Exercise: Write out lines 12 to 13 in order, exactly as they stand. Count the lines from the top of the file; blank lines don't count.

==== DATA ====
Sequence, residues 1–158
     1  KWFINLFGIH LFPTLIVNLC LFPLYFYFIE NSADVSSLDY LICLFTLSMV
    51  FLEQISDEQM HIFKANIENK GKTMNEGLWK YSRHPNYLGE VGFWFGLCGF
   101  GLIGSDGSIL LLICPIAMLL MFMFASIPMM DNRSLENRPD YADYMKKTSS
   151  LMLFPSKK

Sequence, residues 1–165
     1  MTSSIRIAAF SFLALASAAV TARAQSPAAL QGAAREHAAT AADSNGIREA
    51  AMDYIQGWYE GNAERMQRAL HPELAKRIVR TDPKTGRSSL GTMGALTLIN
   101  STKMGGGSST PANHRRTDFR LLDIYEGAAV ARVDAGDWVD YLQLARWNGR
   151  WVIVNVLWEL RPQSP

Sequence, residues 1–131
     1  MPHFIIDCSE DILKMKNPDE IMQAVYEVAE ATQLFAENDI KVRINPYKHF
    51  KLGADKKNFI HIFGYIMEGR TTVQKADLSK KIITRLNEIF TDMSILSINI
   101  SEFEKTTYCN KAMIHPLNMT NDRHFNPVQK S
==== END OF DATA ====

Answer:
     1  MPHFIIDCSE DILKMKNPDE IMQAVYEVAE ATQLFAENDI KVRINPYKHF
    51  KLGADKKNFI HIFGYIMEGR TTVQKADLSK KIITRLNEIF TDMSILSINI